To dig a tunnel 3 often foll by: through to make or force (one's way esp.
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Köp inte grisen i säcken!Many Americans know a poke as a small bag or sack, which it was also in restaurant baccarat 54 Heywoods day (a usage that has survived in Scotland).A poke, for example, was a suitable container into which to stuff a piglet for sale in the sa national lotto and lotto plus results local market.This joke is an example of a play on words - meaning that a phrase or word can can be used for more than one meaning to make a joke.In the ribs 13 a cutting or sarcastic remark 14 Informal an archaeological excavation, (See also) dig in digs (C13 diggen, of uncertain origin) dig.For an examination 10 intr (Brit) informal to have lodgings, i dig in South London n 11 the act of digging 12 a thrust or poke, esp.About 1555, Heywood included it in his other famous compilation work, Epigrammes, in the almost modern form I will never bye the pig in the poke.Link: Cartoon - Phrasal Verb 'Hold Up'.2 Informal to entrench (oneself) firmly 3 intr Informal to defend or maintain a position firmly, as in an argument 4 intr Informal to begin vigorously to eat don't wait, just dig in 5 dig one's heels in Informal to refuse stubbornly.For digest (book or summary) dig in vb adv 1 (Military) to provide (a defensive position) by digging foxholes, trenches, etc.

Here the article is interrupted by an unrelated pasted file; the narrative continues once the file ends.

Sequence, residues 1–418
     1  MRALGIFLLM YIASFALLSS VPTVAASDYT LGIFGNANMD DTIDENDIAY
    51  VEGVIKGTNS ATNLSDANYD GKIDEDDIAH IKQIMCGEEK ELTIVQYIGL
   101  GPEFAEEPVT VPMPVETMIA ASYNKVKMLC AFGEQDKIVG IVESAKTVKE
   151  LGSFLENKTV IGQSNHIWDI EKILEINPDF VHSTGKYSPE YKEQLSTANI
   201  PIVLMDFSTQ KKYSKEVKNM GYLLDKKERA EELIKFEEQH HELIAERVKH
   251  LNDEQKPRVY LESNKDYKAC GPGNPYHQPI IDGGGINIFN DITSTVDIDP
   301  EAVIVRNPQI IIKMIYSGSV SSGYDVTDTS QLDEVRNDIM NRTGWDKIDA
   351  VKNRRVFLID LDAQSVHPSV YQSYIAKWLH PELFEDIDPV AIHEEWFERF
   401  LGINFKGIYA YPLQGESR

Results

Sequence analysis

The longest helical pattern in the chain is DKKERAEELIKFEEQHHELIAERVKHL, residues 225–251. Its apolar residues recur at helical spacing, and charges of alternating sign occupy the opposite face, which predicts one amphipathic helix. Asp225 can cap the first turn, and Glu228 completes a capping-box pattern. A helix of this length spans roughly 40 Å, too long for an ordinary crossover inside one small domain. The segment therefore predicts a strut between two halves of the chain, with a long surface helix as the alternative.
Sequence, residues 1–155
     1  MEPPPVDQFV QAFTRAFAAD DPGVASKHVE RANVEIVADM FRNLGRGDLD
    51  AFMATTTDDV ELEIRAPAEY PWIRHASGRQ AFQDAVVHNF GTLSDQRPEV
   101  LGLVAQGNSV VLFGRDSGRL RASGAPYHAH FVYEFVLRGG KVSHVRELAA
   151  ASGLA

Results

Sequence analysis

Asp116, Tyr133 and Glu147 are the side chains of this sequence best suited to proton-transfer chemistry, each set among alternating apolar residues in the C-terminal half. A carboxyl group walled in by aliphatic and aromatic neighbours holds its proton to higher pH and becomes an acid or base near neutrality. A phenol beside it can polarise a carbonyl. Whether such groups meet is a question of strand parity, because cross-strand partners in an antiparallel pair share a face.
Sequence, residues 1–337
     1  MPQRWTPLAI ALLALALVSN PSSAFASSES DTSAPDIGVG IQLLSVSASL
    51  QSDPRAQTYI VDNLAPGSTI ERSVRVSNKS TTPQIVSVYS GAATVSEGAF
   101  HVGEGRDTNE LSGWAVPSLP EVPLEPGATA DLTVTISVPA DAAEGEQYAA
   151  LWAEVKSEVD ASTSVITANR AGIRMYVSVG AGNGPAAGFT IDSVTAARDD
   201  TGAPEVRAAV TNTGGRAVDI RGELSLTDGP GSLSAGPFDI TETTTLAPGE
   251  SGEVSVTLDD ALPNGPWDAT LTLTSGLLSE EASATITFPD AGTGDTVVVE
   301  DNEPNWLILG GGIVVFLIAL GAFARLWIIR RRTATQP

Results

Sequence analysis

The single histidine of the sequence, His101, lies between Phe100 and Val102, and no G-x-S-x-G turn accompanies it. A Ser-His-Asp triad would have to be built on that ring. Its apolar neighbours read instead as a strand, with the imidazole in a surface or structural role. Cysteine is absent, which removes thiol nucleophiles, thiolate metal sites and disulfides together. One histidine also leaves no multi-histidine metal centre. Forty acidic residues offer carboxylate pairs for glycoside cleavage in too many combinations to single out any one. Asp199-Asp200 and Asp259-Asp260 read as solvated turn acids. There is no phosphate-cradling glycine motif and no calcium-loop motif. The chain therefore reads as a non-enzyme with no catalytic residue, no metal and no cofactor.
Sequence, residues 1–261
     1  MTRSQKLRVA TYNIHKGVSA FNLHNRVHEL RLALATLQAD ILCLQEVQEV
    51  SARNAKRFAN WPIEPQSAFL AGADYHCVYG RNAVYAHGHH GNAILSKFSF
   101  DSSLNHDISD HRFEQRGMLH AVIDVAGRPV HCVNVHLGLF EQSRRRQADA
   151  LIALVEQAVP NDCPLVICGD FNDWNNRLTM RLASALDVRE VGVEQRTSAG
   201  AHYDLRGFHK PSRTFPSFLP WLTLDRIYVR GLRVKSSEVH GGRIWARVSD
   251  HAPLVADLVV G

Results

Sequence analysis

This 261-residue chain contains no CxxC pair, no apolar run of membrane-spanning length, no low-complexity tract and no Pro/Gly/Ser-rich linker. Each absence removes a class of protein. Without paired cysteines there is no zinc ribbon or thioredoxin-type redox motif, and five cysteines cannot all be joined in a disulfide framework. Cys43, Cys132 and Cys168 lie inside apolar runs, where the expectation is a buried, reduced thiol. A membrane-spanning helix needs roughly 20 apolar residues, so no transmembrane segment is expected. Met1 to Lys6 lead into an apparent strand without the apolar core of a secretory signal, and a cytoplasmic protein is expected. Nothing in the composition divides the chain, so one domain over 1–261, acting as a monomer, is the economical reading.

poke he dug his spurs into the horse's side 7 tr; foll by: in or into to mix (compost, etc.) with soil by digging 8 tr, informal to like, understand, or appreciate 9 intr (U.S.) slang to work hard, esp.
Why the expressions in these languages refer to cats and not pigs supports a link with another expression, to let the cat out of the bag.
The proverb encapsulates that wise advice to purchasers of goods, caveat emptor, let the buyer beware always inspect the goods before you pay for them.Hole in one - in this case the 'hole' means a hole in one pair of trousers.Proverbs where it appears in the form Though he love not to buy the pig in the poke.Incidentally, the proverb has its direct counterparts in other languages, as in the Swedish.Q, from Mike Baker : All my life I have heard the phrase a pig in a poke.A Though the current version in full is Dont buy a pig in a poke, dont buy or accept something without first checking or assessing it, its first recorded in London around 1530 in a form intended to be good advice to honourable traders: When.Dig n (N.Z.) informal short for, digger 1 dig vb, digs, digging, dug 1 when tr, often foll by: up to cut into, break up, and turn over or remove (earth, soil, etc.By removing obstructions he dug his way through the crowd 4 tr; often foll by: out or up to obtain by digging to dig potatoes, to dig up treasure 5 tr; often foll by: out or up to find or discover by effort or searching.Make the seller open his poke and show you the pig within.
However, in other languages it refers to cats, as in French: Acheter chat en poche (To buy a cat in a pouch and German: Die Katze im Sack kaufen (To buy a cat in a sack).
Do you know where this phrase originated?